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CHARLOTTE RUCK v. COMMONWEALTH PENNSYLVANIA (04/18/80)

decided: April 18, 1980.

CHARLOTTE RUCK, PETITIONER
v.
COMMONWEALTH OF PENNSYLVANIA, UNEMPLOYMENT COMPENSATION BOARD OF REVIEW, RESPONDENT



Appeal from the Order of the Unemployment Compensation Board of Review in case of In Re: Claim of Charlotte P. Ruck, No. B-164761.

COUNSEL

John J. Robinson, Jr., with him Gerald R. Schultz, for appellant.

Charles G. Hasson, Assistant Attorney General, with him Richard Wagner, Chief Counsel, and Edward G. Biester, Jr., Attorney General, for respondent.

Judges Rogers, Blatt and Williams, Jr., sitting as a panel of three. Opinion by Judge Blatt. President Judge Bowman did not participate in the decision in this case. Dissenting Opinion by Judge Rogers.

Author: Blatt

[ 50 Pa. Commw. Page 606]

Charlotte Ruck (claimant) appeals here from an order of the Unemployment Compensation Board of Review (Board) disallowing appeal of a referee's decision which denied her benefits under Section 402(e) of the Unemployment Compensation Law, Act of December 5, 1936, Second Ex. Sess., P.L. (1937) 2897, as amended, 43 P.S. ยง 802(e). The referee found the claimant guilty of willful misconduct in connection with her employment. She argues, however, that the evidence on which the referee's decision was based

[ 50 Pa. Commw. Page 607]

    was hearsay to which she objected and which therefore cannot support his findings.

The claimant had been employed by a nursing home as a charge nurse on the night shift when her services were terminated after five and one-half months. At the hearing before the referee, her supervisor testified that she personally had heard complaints of mistreatment from patients and employees, but most of the details of the supervisor's testimony were, as the claimant asserts, hearsay. Moreover, while the claimant did admit to some of the particulars of the charges against her, she presented them in different and less incriminating light. The referee made no findings as to any actual misconduct on the part of the claimant but did make the following significant findings:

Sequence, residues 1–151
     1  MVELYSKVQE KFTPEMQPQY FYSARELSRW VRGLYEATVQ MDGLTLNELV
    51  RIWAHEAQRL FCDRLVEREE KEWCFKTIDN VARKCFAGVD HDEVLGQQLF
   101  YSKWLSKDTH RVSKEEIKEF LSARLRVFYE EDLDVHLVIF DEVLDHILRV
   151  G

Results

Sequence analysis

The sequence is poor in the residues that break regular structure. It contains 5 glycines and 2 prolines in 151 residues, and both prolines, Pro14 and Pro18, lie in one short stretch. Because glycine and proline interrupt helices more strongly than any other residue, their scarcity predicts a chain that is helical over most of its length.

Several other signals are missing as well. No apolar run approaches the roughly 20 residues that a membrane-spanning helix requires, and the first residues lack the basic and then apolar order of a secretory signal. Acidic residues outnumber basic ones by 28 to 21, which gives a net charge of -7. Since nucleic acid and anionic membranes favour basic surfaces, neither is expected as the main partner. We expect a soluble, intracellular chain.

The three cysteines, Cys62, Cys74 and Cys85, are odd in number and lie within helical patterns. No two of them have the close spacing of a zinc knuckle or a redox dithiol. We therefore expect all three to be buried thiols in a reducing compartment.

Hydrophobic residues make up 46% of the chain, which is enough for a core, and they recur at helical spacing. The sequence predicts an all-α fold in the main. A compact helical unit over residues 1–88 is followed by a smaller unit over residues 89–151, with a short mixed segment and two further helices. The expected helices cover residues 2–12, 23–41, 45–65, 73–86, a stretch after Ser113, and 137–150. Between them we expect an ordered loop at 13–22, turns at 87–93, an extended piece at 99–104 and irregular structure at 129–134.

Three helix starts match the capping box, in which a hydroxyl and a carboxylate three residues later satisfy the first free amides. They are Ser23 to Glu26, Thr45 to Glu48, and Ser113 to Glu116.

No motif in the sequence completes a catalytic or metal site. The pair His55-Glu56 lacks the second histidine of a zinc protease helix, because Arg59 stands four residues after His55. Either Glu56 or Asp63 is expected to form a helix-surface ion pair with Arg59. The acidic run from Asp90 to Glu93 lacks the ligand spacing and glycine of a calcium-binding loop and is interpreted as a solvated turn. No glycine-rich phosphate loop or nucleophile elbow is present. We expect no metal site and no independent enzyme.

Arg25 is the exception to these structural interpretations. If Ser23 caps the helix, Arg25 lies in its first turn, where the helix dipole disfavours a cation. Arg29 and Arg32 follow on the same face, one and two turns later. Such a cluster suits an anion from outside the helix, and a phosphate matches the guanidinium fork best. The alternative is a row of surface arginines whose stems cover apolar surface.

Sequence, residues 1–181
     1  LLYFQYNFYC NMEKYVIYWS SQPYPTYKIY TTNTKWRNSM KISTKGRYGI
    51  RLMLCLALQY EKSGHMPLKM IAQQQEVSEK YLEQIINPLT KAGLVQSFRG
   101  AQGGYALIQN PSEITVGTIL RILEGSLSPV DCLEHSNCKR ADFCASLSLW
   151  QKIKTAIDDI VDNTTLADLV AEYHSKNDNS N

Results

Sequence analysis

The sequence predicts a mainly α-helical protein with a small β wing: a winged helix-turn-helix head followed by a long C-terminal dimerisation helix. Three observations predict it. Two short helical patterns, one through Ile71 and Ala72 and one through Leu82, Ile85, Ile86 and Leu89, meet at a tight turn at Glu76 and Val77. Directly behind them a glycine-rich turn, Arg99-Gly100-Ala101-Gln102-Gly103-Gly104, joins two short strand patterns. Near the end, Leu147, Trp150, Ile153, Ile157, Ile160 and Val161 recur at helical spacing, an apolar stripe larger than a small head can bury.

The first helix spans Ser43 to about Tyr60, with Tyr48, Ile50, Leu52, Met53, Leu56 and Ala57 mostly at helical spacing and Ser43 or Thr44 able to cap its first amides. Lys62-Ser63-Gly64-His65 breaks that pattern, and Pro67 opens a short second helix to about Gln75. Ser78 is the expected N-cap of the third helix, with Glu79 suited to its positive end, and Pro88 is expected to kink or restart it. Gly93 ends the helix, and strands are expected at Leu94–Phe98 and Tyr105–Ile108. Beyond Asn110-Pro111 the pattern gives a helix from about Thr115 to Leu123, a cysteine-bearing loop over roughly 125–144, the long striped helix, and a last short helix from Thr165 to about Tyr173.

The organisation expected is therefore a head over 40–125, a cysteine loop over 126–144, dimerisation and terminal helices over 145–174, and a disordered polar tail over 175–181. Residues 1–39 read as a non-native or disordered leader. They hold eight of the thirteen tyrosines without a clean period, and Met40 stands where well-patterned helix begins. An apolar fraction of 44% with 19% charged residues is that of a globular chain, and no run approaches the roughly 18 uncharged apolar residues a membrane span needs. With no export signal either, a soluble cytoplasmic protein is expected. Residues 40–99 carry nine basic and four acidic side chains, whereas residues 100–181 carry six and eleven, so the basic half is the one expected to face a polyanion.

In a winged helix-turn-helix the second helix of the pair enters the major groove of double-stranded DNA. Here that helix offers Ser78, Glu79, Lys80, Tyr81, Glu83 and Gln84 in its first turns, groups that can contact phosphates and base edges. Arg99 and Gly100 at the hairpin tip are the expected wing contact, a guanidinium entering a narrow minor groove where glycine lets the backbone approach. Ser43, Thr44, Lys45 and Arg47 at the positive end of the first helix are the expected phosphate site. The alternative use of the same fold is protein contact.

3. The employer discharged claimant because the employer received complaints from the patients and claimant's subordinates as to the manner in which the claimant treated them.

4. A number of employees terminated their employment with the Home for Homeless Women because of their objections to the way in which claimant treated them.

After reviewing the record and the findings, we believe that this case must be remanded to the Board for further consideration and findings as to what specific acts of misconduct, if any, were committed.

Finding number 4, in our opinion, is not supported by competent evidence. In addition, finding number 3 seems to us to establish not that the claimant was engaged in any actual misconduct, but only that others complained about her, and such a finding cannot support a determination of willful misconduct. See Orloski v. ...


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